Armita Abbasi’s lawyer, Shahla Orouji, said last week that a court accused her client of “propaganda against the Islamic republic” and “gathering and conspiring to commit a crime against national security.”
Abbasi was arrested on October 10 in her hometown of Karaj, west of the Iranian capital, nearly a month into the nationwide protests triggered by the death of Mahsa Amini while in police custody in September.
The Iranian government claimed she was “the leader of the riots” and that police discovered “10 Molotov cocktails” in her apartment.
In November, CNN published an investigative report about the sexual assault and rape of some of the detainees from recent protests, including Abbasi, while they were being held in prisons across Iran.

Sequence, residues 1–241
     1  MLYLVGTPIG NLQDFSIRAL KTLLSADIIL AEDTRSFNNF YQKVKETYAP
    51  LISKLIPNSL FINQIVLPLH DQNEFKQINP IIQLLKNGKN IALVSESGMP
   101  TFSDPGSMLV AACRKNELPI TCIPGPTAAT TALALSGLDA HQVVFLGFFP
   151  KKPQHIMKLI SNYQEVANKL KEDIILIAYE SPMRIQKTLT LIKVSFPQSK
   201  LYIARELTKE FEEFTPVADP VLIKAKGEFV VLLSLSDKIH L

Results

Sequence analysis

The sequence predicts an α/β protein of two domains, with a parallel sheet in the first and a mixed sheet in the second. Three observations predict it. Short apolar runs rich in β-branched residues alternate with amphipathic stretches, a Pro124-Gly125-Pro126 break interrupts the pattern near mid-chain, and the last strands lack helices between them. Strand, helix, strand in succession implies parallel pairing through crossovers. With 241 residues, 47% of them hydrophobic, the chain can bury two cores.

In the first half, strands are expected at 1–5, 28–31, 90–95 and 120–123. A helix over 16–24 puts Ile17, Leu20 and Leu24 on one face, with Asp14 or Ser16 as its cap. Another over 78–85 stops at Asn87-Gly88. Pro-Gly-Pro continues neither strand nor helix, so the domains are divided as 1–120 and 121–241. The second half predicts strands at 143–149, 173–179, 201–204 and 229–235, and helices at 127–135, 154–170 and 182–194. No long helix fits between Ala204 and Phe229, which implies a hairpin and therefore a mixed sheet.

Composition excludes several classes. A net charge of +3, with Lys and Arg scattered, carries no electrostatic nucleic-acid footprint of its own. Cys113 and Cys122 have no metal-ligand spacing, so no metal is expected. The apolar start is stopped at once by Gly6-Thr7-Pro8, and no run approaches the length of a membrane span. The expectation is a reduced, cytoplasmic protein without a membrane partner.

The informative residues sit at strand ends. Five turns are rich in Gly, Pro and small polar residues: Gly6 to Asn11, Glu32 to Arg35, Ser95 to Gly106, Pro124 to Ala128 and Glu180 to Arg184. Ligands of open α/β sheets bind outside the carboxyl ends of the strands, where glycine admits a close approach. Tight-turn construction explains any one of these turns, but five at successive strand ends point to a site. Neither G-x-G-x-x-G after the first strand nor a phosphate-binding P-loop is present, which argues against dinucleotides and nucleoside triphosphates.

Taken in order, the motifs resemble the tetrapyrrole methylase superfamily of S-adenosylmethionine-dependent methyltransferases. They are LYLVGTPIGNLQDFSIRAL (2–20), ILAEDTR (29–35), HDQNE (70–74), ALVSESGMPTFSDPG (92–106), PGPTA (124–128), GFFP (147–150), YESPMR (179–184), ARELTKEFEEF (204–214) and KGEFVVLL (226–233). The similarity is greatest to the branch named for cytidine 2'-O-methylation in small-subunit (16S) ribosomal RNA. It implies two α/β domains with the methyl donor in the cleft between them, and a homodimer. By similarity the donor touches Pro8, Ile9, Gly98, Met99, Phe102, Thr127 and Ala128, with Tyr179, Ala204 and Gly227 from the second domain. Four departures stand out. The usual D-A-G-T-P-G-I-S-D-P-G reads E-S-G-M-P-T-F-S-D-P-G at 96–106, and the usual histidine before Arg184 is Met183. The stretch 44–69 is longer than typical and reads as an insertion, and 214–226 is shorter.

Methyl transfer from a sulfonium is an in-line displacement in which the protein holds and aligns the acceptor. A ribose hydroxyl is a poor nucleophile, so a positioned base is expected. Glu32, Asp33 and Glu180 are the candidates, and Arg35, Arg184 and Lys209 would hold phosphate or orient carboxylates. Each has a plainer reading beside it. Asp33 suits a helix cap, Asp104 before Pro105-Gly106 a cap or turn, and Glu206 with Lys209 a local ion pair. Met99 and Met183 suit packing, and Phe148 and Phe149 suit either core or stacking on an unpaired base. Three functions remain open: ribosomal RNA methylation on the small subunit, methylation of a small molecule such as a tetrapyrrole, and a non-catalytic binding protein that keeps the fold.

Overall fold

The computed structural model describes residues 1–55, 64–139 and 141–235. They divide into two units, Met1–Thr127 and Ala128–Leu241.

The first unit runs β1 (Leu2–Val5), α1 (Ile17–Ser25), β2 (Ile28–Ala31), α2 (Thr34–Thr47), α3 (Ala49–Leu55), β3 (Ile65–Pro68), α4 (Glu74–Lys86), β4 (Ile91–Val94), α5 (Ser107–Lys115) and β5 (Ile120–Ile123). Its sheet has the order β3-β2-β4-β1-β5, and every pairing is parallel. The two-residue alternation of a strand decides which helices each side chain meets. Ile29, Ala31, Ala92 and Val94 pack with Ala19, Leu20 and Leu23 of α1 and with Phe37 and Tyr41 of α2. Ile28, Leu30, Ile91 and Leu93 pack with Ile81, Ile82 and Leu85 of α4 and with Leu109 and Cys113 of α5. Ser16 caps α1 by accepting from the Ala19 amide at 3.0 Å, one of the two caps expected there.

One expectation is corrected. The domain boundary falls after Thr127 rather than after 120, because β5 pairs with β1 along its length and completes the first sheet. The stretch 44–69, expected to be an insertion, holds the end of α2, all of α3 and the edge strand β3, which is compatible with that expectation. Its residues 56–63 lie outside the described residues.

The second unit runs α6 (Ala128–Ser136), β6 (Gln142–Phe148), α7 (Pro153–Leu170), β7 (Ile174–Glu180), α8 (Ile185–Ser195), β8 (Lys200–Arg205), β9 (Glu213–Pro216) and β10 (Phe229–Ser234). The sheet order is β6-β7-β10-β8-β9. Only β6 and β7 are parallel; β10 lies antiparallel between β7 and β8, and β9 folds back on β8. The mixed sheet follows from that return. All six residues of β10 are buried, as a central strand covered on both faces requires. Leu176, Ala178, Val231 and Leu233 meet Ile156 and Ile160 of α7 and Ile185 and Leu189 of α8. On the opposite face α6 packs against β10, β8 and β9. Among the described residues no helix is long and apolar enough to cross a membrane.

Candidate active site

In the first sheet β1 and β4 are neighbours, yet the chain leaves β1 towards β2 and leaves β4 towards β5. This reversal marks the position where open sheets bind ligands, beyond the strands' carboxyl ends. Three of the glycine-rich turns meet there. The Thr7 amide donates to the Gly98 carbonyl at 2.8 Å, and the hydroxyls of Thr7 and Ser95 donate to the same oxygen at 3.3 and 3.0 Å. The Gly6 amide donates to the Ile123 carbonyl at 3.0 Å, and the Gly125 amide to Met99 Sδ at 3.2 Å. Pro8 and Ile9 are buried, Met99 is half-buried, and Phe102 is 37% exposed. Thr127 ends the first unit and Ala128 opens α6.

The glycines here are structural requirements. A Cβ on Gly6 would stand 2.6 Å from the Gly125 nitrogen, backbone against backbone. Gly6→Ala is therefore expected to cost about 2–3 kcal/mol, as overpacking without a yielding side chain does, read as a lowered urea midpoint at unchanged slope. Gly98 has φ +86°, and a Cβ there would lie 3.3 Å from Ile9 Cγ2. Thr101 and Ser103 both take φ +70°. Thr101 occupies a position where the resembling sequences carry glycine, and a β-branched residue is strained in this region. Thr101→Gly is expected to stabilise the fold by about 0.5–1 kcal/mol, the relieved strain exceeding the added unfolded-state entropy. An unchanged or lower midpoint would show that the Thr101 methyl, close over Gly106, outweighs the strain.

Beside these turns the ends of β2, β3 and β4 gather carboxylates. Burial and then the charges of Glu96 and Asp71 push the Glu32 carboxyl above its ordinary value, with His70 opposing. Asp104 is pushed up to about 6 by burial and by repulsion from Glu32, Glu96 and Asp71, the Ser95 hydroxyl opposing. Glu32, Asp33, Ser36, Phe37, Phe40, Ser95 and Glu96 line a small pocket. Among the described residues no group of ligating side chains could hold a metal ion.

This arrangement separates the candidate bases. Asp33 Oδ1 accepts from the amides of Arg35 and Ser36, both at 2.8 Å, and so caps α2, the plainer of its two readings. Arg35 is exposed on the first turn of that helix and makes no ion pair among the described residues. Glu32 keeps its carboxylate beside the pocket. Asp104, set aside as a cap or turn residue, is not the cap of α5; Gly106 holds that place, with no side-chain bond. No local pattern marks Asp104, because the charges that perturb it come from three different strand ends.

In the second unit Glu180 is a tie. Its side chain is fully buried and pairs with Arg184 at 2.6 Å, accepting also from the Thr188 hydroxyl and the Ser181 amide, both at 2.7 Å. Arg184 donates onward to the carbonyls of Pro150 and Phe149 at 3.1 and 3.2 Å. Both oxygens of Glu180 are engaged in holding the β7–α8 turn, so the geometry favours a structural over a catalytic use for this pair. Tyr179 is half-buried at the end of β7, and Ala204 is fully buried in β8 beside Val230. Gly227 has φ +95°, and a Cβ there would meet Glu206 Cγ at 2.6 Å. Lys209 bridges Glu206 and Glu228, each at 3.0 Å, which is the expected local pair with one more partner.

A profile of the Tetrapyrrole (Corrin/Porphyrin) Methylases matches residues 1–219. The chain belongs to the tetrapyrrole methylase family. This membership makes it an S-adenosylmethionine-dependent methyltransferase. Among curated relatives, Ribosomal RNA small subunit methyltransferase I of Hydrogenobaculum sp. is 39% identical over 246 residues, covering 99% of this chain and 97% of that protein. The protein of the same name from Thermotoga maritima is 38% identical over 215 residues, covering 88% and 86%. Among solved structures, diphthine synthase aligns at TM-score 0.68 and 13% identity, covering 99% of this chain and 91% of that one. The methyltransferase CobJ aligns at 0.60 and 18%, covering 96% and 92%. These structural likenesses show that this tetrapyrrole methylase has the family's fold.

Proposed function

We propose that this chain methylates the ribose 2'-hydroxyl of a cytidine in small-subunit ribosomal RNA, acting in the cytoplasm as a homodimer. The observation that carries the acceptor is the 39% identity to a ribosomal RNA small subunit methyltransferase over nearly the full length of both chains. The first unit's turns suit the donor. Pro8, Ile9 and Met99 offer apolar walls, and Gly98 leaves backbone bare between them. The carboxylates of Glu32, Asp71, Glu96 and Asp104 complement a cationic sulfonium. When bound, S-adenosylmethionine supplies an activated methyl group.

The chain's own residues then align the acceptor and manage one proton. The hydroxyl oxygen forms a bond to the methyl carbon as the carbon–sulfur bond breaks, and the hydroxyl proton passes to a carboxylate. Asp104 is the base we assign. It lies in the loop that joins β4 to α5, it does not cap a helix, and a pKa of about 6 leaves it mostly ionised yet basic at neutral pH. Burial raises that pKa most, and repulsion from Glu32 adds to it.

A source told CNN that Abbasi was rushed to the Imam Ali hospital in Karaj on October 17, accompanied by plainclothes officers while “her head had been shaved and she was shaking violently.”
“In the accounts, the medical staff attending to her spoke of the horror they felt when they saw evidence of brutal rape,” CNN added.
Neither Abassi, her family, nor her lawyer have publicly commented on the report.
Earlier in January, Abbasi and 14 other Iranian women incarcerated in the Kachoui prison near Tehran reportedly went on a hunger strike to protest the conditions of their imprisonment and the lack of medical attention at the facility.
At that time, her mother wrote on her Instagram account that, because of her daughter’s hunger strike, prison authorities were no longer allowing her to call her family. She also said the court did not accept the lawyer representing her daughter.